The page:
I had my Impossible Burger at Bareburger, a burger place near New York University (end of May 2017). While this restaurant was modest and low key, the burger is also available in more upscale establishments. My burger came with lettuce, onions, dill pickles, and a “special sauce”. Cheese and bun by default were not vegan, but I had those substituted. I had the burger with French fries and a glass of “American white”, as it was listed on the menu. The burger cost $13.95 or about $18 including tax and tip – definitely not cheap for this kind of food, even if it’s New York City.

This picture will not win any food photography contests, but it’s meant to show the meat-like texture of the Impossible Burger.

As you can see in the picture, the burger looks like and has the texture of very juicy minced meat. I would have preferred the product to have been cooked a little more: it almost seemed raw (looking a bit bloody indeed). I don’t know if this is according to Impossible Foods’ idea and instructions, or if this is the way Bareburger likes to make it (or even if it was just due to the chef, or completely accidental). In any case, if you’d do this with meat, you’d risk not killing the bacteria in it.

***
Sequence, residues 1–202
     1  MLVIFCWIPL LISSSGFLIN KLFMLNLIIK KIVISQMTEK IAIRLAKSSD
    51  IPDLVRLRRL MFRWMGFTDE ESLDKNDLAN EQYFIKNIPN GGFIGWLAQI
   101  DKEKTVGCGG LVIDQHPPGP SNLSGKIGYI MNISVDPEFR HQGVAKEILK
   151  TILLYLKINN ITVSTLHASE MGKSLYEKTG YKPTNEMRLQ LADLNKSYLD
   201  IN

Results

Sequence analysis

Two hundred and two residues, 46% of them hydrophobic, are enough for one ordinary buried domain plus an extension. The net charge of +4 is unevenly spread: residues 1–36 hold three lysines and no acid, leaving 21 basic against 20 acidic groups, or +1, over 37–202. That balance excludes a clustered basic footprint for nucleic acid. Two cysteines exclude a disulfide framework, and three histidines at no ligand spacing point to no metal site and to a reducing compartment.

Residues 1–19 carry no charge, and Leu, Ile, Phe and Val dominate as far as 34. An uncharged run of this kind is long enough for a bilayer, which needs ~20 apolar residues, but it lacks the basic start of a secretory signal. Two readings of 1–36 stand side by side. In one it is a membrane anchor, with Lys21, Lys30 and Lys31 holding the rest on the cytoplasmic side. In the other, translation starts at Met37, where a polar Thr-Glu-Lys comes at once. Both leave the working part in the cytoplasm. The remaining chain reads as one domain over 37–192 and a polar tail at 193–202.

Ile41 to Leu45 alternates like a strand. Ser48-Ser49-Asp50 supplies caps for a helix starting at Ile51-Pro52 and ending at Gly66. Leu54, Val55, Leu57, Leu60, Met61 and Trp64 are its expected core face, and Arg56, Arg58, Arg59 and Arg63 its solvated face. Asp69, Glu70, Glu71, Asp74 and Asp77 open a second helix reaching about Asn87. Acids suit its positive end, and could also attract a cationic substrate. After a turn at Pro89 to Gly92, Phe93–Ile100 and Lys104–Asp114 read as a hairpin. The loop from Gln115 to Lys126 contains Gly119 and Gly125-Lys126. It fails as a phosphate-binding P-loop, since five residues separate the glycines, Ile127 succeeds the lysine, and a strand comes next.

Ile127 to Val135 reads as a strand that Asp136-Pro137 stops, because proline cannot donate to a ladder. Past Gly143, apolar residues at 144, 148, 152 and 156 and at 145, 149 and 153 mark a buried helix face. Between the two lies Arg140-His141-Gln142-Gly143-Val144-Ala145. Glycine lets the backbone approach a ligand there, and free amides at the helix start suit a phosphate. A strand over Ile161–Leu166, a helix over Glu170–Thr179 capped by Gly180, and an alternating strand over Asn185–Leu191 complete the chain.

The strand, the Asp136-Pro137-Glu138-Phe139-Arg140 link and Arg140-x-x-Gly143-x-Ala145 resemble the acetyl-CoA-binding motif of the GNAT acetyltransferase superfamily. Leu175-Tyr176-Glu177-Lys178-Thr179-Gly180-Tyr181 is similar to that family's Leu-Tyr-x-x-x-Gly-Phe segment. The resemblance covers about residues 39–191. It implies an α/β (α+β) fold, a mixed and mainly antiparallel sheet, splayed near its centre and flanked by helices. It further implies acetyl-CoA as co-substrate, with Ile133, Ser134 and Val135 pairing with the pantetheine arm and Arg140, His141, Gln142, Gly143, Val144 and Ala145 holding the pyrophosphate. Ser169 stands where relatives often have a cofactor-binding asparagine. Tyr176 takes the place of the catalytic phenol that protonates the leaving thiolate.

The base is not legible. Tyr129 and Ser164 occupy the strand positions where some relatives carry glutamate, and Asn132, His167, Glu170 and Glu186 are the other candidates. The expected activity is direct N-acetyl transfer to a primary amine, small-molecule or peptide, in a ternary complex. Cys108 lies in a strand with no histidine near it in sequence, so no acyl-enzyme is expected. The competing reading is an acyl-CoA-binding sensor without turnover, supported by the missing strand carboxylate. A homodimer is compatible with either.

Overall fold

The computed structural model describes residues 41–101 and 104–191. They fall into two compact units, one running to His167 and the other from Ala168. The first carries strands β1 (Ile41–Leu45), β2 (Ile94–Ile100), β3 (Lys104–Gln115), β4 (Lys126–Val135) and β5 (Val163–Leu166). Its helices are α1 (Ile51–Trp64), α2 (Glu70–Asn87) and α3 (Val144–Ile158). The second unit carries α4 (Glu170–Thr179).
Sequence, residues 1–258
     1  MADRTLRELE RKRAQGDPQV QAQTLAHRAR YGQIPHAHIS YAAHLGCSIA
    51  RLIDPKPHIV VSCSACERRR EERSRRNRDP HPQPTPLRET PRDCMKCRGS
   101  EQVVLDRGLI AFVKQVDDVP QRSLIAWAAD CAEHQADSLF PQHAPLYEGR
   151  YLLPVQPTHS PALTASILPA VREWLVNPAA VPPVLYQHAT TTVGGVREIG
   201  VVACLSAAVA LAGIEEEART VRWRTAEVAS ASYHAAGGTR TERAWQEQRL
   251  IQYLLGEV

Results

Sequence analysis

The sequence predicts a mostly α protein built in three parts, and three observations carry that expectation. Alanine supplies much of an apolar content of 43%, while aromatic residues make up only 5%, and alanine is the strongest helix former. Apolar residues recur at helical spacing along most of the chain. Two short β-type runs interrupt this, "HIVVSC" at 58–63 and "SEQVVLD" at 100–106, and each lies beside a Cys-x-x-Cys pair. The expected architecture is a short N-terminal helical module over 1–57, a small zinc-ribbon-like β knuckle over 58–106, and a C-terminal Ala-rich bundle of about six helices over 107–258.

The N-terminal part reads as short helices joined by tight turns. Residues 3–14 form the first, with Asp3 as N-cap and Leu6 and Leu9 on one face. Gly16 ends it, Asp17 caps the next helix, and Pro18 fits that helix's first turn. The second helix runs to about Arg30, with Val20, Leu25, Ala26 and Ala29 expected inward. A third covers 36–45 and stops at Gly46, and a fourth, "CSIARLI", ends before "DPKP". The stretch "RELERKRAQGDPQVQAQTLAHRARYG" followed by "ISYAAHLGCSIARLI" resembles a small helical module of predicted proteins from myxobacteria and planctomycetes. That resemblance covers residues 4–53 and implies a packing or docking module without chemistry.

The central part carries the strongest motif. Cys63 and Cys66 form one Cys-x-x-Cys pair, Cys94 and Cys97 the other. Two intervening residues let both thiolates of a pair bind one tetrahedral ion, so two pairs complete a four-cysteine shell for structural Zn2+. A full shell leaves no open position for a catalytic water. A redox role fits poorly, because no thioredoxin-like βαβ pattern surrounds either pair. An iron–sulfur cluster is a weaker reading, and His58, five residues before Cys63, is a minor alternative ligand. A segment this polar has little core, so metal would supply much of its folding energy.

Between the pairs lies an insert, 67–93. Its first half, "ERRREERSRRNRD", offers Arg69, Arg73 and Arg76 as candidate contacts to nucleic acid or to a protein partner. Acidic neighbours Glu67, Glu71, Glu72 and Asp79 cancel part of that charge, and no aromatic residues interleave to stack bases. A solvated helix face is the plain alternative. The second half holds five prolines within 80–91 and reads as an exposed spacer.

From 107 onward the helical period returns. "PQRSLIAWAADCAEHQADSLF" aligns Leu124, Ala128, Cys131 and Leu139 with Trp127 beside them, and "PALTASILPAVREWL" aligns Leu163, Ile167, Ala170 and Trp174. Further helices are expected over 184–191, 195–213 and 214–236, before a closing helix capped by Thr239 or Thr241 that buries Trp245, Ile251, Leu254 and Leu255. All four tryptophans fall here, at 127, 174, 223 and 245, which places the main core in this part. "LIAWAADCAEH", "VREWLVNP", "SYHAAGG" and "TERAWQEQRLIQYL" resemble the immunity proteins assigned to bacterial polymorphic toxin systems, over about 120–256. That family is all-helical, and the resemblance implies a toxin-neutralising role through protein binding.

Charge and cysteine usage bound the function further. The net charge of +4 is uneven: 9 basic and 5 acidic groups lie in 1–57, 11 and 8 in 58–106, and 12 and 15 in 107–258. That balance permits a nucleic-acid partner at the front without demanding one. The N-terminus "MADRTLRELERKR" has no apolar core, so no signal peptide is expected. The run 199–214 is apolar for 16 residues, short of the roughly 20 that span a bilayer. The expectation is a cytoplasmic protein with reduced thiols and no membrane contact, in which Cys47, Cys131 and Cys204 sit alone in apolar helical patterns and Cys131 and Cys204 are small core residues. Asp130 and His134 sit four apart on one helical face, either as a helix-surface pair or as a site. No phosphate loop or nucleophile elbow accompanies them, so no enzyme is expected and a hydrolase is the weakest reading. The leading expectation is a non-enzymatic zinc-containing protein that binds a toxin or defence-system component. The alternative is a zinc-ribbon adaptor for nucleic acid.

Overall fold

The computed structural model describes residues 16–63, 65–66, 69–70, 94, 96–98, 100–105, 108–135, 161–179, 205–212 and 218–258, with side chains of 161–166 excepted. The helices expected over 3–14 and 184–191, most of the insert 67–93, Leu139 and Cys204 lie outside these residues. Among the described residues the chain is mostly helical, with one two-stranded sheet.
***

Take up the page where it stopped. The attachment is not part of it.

Most importantly: the taste. I quite liked it, but I detected some flavor or aftertaste that I’m less fond of. It’s hard to describe, but I would call it an “animal” or “earthy” flavor. I’d need to have the burger again to be sure that I wasn’t making this up, or that this flavor didn’t originate from something other than the burger.

So, how does it stand up compared to other vegan burgers? And is this product really such a breakthrough? It’s hard to answer these questions as someone who hasn’t eaten meat in over twenty years. The Impossible Burger is made to convince meat eaters. Vegans are not the primary intended audience, and indeed, only the vegans who could theoretically still appreciate the texture and taste of meat (the ones who don’t shy away from convincing imitations) need apply. To me, this burger certainly seemed the closest imitation to meat – both in terms of taste and texture – that I can recall. However, I have tasted many other vegan burgers that I enjoyed at least as much – but again, I’m not the target audience.